The heartbeat of the powwow
By Jerry W. Kram
Anyone who has ever attended a powwow will always remember the rhythmic, almost hypnotic beat of the drums that accompany the hundreds of dancers that fill the area. The drums - the term is used for both the instruments and the groups that play them - are central not only to the dances, but also serve as a repository for cultural traditions, both ancient and new.
At the Santee Lucky Mound Powwow, Delmer Crows Breast was the drum keeper. Actually, his son, Delmer Jr. was the keeper, but the elder Crows Breast was helping him out.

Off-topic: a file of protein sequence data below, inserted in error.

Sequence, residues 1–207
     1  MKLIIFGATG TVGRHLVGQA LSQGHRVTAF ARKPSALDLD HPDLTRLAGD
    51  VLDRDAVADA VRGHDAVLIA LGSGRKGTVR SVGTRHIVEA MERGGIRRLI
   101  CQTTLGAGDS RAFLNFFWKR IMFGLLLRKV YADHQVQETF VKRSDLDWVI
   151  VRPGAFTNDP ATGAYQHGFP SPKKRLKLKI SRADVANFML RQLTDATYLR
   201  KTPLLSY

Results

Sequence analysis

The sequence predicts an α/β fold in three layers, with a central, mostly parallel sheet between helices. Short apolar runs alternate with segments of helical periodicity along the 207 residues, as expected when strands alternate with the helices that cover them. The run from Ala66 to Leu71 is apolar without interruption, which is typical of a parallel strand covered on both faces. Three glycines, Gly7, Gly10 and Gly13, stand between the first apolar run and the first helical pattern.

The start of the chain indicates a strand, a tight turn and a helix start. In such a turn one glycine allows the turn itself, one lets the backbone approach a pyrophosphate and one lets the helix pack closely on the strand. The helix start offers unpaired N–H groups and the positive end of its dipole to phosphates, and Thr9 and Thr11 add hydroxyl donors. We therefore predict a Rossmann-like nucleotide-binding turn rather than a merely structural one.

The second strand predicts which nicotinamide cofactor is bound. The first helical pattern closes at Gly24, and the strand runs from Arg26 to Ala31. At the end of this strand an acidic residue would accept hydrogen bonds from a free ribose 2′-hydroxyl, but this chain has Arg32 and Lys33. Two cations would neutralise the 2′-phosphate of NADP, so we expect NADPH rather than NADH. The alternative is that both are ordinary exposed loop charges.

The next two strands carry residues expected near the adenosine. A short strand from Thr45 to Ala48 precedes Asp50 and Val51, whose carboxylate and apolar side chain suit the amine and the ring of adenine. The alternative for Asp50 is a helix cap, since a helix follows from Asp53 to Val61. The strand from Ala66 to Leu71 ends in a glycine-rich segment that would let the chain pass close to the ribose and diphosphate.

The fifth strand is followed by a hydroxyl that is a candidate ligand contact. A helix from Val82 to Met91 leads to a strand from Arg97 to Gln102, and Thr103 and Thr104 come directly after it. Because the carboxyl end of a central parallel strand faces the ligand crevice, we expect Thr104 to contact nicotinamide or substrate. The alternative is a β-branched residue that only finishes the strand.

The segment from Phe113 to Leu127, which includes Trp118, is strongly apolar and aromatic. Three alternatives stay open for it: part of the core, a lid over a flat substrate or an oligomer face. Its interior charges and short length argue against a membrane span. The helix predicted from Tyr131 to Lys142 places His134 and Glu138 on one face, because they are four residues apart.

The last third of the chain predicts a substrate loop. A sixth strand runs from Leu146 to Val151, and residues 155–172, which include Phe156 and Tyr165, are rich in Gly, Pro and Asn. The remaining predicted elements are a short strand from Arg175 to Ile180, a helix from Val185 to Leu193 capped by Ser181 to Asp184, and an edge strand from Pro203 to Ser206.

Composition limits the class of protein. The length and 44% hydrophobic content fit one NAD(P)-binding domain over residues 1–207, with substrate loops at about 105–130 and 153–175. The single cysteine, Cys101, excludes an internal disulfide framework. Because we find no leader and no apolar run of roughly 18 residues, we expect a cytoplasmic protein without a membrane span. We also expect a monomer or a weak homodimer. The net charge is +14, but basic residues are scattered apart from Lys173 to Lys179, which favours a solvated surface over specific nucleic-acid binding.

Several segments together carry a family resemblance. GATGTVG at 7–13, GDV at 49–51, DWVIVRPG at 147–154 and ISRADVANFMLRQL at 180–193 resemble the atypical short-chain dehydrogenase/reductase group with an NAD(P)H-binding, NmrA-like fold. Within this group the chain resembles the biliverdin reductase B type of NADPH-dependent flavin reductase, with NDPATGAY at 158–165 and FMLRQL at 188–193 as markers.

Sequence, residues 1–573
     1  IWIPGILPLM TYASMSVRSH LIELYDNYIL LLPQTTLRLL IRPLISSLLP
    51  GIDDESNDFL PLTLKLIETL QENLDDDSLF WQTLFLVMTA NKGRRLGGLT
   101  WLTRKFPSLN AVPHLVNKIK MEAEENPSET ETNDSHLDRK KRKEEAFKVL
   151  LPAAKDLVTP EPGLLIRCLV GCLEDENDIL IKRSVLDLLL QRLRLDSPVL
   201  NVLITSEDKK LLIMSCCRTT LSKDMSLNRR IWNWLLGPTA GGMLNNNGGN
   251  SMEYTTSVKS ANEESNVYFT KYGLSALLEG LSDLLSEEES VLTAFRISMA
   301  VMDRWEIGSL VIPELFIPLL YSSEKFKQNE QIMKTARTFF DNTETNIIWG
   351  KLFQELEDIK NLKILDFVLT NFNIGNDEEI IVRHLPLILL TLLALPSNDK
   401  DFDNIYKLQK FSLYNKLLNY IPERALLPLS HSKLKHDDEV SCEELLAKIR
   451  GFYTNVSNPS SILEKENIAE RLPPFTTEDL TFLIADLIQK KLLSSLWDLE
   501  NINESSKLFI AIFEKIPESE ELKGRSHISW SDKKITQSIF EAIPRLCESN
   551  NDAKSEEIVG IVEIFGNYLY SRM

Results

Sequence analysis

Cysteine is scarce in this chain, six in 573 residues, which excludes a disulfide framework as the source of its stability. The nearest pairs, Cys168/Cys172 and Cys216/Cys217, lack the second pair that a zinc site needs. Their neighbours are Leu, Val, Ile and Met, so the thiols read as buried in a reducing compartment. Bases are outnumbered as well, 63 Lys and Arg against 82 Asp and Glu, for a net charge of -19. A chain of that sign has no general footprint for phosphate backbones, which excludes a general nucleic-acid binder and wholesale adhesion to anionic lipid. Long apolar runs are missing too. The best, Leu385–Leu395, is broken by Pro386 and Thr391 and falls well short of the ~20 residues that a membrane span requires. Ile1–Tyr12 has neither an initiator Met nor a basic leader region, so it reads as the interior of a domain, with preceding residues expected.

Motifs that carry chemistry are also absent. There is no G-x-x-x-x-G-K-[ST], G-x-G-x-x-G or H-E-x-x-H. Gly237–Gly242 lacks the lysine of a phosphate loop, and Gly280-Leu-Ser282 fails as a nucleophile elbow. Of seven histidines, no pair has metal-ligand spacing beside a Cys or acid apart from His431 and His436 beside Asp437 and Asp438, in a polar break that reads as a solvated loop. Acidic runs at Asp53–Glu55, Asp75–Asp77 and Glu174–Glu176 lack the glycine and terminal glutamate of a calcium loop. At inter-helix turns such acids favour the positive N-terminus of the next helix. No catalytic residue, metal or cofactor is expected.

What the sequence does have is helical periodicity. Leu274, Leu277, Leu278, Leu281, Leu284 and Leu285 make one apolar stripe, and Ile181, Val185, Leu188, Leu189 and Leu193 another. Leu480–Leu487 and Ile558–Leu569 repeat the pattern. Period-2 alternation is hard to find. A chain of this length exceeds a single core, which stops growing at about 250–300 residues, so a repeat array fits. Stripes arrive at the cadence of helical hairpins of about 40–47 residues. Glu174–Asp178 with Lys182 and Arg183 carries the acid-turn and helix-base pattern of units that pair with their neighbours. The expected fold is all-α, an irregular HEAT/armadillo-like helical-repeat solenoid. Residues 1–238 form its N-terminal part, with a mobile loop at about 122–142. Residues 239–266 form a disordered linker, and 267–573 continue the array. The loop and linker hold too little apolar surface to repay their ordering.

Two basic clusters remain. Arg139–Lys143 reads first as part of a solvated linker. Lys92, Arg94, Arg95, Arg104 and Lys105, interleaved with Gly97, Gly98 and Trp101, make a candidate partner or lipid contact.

"Since he’s a little guy, we have to step up for him," Crows Breast said. "The drum keeper picks the host drum, who will set the tone for the powwow. Then we make sure the drums are taken care of. We make sure they have plenty of cold water and maybe some cough drops for their singing. We offer a pack of cigarettes to the drum to pay respect."
The drum keeper is also a member of the powwow committee, and helps with the fundraising and planning that goes on through the winter and spring to prepare for the summer powwows.